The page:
November 12, 2018
Thibault, Schrager, Hogue
Appeal from a judgment of the Court of Quebec dismissing the appeals from tax assessments. Dismissed.
The appellants are related companies forming part of the Iberville Group controlled by Adams and his family. In the context of a series of transactions resulting in the sale of shopping centres and other immovables by the appellants, the Agence du revenu du Québec (ARQ) applied the general anti-avoidance rule (GAAR) to some of these transactions and reassessed the appellants accordingly. The GAAR was applied to the “Quebec Year-End Shuffle” interprovincial tax planning strategy, which allowed the appellants to avoid the payment of virtually all provincial tax on capital gains realized in Quebec. In addition to the application of the GAAR to capital gains of over $728 million and the recapture of depreciation of over $67 million, the appeal concerns the tax treatment of the sale of certain land and the characterization of expenses incurred for certain construction projects. The appellants admit the existence of a tax benefit and the avoidance transactions but deny that these transactions were abusive. The trial judge found that establishing different year-ends for provincial and federal tax purposes, which allowed the appellants to avoid paying tax in Quebec, was abusive. The transactions had no real commercial purpose. He also found that the transactions were abusive because they were inconsistent with the object and spirit of the allocation rules among the Canadian provinces.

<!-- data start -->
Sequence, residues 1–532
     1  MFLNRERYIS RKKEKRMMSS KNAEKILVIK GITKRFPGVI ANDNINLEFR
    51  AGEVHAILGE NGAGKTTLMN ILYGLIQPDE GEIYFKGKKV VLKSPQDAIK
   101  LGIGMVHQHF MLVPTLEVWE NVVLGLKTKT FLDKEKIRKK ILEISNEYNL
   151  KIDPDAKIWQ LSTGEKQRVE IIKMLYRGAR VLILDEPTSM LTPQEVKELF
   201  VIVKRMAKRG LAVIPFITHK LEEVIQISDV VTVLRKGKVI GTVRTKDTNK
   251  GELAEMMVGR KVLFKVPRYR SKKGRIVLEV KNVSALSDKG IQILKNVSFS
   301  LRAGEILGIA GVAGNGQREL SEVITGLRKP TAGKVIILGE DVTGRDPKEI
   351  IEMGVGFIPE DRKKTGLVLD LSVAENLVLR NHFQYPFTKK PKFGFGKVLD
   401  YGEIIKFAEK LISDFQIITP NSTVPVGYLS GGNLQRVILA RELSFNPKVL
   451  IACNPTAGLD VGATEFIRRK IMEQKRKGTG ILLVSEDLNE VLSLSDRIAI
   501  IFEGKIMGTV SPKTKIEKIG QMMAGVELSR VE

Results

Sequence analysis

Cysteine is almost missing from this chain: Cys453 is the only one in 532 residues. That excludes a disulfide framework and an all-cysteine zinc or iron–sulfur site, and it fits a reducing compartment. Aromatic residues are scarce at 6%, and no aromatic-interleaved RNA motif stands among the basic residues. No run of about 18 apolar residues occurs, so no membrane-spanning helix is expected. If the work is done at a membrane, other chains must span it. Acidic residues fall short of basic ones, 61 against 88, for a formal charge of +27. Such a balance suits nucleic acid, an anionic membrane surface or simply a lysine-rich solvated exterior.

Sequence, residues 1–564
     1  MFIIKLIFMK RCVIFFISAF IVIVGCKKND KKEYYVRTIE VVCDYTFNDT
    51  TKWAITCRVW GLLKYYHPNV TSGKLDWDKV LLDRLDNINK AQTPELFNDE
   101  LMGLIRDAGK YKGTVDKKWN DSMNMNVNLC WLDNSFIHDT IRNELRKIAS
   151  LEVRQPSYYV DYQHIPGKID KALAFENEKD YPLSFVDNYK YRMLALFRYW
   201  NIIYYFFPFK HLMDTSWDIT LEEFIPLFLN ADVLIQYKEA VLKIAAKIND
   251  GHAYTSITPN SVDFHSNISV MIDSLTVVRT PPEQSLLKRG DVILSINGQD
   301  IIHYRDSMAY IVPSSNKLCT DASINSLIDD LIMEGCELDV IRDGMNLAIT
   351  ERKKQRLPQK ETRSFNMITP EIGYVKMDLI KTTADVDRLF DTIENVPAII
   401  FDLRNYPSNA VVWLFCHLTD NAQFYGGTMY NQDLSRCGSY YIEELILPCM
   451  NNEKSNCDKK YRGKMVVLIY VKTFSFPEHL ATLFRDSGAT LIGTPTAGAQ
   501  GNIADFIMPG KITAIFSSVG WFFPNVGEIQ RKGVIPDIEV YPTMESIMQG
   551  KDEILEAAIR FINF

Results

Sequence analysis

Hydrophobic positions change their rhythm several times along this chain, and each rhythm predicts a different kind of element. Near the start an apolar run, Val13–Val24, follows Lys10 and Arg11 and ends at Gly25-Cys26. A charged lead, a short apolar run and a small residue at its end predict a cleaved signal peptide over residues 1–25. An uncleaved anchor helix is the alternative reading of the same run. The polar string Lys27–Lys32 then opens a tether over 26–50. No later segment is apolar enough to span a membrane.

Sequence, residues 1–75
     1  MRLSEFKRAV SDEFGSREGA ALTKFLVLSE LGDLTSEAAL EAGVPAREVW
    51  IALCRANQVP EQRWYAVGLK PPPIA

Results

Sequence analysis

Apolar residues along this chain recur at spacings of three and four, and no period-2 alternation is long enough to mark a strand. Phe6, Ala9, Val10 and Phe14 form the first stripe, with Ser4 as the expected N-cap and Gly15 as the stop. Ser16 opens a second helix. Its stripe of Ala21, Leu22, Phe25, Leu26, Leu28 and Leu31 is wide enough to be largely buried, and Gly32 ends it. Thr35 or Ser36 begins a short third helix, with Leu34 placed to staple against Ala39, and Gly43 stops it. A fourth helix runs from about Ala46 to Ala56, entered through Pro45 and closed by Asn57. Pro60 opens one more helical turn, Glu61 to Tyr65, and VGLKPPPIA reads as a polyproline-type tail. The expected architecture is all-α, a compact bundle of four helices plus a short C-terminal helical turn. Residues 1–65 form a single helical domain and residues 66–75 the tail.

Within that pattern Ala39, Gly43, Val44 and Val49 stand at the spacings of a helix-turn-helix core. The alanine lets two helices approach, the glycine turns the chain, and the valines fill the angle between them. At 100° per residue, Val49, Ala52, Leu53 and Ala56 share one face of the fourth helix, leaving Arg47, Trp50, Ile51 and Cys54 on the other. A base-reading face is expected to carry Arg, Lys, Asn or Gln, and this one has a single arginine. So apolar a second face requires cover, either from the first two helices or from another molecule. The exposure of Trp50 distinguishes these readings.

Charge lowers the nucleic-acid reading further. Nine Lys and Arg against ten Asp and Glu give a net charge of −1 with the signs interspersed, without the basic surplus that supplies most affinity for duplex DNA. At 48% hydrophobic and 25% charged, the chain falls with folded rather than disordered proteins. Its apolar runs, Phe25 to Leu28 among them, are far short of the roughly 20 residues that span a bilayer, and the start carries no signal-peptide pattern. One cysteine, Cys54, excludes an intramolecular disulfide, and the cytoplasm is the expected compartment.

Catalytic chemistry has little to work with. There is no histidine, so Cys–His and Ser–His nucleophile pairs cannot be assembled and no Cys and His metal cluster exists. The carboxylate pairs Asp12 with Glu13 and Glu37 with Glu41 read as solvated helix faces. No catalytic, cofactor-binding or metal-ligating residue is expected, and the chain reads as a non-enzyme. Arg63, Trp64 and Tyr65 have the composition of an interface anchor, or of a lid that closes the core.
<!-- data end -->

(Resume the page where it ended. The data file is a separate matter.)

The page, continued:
The trial judge did not err in applying the GAAR. The transactions are abusive, as they run contrary to the object and spirit of section 7 of the Taxation Act (CQLR, c. I-3), which defines a company’s fiscal year, to the rollover provisions, and to the rules regarding allocation among the Canadian provinces, which are intended to allocate income among the provinces where a corporation carries on business, not to avoid provincial tax. The British Columbia Court of Appeal erred in Veracity Capital Corporation v. Canada (National Revenue), (B.C.C.A., 2017-01-05), 2017 BCCA 3, SOQUIJ AZ-51354488, when it overturned the judgment of the British Columbia Supreme Court (Veracity Capital Corp. v. R., 2015 BCSC 2278), on which the trial judge relied in finding that the allocation formula must result in 100% of the income being taxed somewhere. Moreover, the judge was correct in finding that the sale of land gave rise to business income, not capital gains. From the outset, this land was acquired as inventory. Finally, the judge did not err in applying Canderel Ltd. v. Canada (S.C. Can., 1998-02-12), SOQUIJ AZ-98111028, J.E. 98-386,  1 S.C.R. 147, and in finding that the expenses incurred for certain construction projects were in the nature of capital, not current expenses.
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